sharice davids

Sharice Davids accepts an "honorary degree" from both the University of Kansas and Haskell Indian Nations University. The "degree" was presented by First Nations Student Association President Taylor Lynn Johnston.

Disclaimer: Taylor Lynn Johnston is a copy editor for the Kansan through a journalism school class.

Indigenous Peoples' Week started Tuesday, Oct. 8, with a gathering at Woodruff Auditorium in the Kansas Union. The event featured a showcase of traditional artwork, an honor song and a speech from U.S. Rep. Sharice Davids.

Davids, who represents the 3rd Congressional District of Kansas, spoke at the event put on by the Indigenous Peoples' Day Committee. The event marked the first day of Indigenous Peoples' Week and involved Native American faculty and staff at the University of Kansas and First Nations Student Association. Davids' speech also included students from Haskell Indian Nations University.

Chancellor Douglas Girod and Haskell Indian Nations University President Daniel Wildcat introduced Davids. Wildcat spoke directly to her in the audience.

“I think that, Sharice, everything said and done, we're thankful that you have chosen this form of leadership,” Wildcat said.

Wildcat said women have always played an important role in native society, and there is pride in her being one of the first Native American representatives. During her speech, Davids spoke on the importance of having Native American voices in government.

“I realize it's not that I was lucky that they selected me — it’s that people like me absolutely should be in the room. We have to be in the room because if we're not, then whole communities get left out of conversations,” Davids said. “Sometimes it's intentional. But a lot of times, it's unintentional. And that's, I think, more dangerous.”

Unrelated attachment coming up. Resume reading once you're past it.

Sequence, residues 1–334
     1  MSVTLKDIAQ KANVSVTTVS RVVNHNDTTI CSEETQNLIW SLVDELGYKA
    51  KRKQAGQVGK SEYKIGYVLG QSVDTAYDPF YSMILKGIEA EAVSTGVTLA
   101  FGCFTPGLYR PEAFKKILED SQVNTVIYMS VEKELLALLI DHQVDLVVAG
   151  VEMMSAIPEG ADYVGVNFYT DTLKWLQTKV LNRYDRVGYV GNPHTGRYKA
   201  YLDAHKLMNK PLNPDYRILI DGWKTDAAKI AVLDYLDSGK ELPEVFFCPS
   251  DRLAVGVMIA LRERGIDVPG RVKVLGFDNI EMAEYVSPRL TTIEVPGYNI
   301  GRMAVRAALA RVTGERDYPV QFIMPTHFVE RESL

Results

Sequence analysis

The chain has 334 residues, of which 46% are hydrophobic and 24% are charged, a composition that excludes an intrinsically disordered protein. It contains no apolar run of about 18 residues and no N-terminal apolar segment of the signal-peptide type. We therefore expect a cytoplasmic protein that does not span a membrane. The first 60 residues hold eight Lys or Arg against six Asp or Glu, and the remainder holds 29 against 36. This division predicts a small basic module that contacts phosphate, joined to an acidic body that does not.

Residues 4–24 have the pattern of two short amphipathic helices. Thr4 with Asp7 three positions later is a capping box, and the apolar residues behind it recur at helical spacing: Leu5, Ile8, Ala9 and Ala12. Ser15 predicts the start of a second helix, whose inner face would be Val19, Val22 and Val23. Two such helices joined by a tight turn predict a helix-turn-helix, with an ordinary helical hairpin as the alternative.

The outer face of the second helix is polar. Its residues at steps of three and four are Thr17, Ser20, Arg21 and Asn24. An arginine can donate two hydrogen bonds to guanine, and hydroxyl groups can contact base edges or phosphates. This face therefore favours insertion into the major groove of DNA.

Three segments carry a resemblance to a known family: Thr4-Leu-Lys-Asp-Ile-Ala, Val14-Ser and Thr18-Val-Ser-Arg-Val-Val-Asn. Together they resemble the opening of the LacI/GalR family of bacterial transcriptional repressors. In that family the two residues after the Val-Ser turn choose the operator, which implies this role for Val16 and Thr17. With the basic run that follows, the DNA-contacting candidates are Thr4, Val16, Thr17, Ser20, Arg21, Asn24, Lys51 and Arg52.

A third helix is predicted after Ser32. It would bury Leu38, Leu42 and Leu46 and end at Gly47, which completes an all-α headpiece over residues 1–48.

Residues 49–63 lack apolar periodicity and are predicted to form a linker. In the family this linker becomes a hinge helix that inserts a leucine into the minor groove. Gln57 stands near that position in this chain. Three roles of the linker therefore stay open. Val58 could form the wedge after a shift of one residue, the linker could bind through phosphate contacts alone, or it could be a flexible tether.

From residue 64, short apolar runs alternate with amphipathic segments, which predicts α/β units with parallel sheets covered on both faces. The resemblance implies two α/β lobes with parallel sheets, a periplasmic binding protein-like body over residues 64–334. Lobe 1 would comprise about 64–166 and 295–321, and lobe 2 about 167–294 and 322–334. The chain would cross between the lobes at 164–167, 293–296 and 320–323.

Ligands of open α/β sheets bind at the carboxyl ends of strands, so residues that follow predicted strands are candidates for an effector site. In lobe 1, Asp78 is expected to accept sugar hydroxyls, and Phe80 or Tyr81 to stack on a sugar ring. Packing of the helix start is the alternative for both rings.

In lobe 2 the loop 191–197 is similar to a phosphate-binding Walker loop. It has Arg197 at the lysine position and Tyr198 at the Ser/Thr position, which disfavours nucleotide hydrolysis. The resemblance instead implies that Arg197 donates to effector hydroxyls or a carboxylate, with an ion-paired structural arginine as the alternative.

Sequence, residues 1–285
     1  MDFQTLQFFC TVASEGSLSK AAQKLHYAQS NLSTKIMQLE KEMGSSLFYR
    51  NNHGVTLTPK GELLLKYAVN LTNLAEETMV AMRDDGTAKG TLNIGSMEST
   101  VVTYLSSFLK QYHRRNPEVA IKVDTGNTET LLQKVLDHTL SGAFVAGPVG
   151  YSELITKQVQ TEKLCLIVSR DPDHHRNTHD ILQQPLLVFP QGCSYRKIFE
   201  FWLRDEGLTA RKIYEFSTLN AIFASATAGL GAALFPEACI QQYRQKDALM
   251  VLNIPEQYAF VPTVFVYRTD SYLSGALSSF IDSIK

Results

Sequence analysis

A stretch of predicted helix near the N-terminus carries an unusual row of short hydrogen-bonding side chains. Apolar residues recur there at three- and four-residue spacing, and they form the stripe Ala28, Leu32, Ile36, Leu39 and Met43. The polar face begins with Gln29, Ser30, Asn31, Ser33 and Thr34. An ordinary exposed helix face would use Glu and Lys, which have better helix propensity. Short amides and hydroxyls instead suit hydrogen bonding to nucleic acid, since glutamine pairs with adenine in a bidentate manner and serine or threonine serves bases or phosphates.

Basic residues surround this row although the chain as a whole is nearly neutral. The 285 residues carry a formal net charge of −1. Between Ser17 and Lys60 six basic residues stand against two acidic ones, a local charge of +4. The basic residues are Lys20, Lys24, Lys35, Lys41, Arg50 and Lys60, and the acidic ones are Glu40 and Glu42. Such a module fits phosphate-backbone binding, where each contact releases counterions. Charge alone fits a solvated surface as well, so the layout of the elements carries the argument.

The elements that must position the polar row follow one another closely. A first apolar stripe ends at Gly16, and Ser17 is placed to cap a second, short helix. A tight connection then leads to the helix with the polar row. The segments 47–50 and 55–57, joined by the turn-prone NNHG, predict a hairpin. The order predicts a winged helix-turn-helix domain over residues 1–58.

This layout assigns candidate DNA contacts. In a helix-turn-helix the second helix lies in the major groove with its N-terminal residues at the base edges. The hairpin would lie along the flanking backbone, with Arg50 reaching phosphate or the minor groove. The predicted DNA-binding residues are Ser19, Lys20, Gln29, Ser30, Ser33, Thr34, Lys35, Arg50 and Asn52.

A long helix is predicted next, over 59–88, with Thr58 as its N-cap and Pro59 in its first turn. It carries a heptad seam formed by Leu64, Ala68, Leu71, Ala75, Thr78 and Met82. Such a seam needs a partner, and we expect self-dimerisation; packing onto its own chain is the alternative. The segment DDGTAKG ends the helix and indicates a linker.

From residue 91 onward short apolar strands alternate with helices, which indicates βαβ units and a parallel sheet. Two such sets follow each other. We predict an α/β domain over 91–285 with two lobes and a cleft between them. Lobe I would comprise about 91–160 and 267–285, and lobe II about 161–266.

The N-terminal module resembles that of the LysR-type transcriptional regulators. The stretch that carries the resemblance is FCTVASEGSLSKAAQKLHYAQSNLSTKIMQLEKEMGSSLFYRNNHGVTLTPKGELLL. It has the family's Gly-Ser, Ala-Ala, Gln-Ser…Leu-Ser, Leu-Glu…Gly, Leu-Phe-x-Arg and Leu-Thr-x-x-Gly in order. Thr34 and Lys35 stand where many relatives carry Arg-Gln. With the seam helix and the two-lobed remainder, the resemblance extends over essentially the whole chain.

Along with the speech, the event also showcased local native artwork, specifically the art of quillwork. Jancita Warrington, a cultural consultant at the event, stood near the demonstration and spoke to guests about the work of artist Dana Warrington.

“Quillwork is a very, very old art of tribal people, but it is also one of those rare arts that is dying off, and so many are trying to help revive the art, which means not only learning the art itself, but also sharing the art,” Jancita said.

Jancita said she hopes this week’s events allow native students and community members to share and showcase what it means to be a Native American today.

“I'm really excited about the educational components that are going on,” Jancita said. “I truly believe that if we give a speech, or give an amazing PowerPoint, or do these different events, the level to which we educate is that of which will have a lasting impact on the community.”

Davids ended her speech on a prideful note, speaking on her love and passion for the role she is in.

“I cannot imagine doing anything other than this with my life right now,” Davids said. “There is nothing else I can possibly imagine devoting this much time and energy, and my heart, to because this feels like something that is so much bigger than me as an individual, than even the 3rd District of Kansas [or] the state of Kansas. This is our entire country.”

“It’s a good day to be indigenous,” Davids said.

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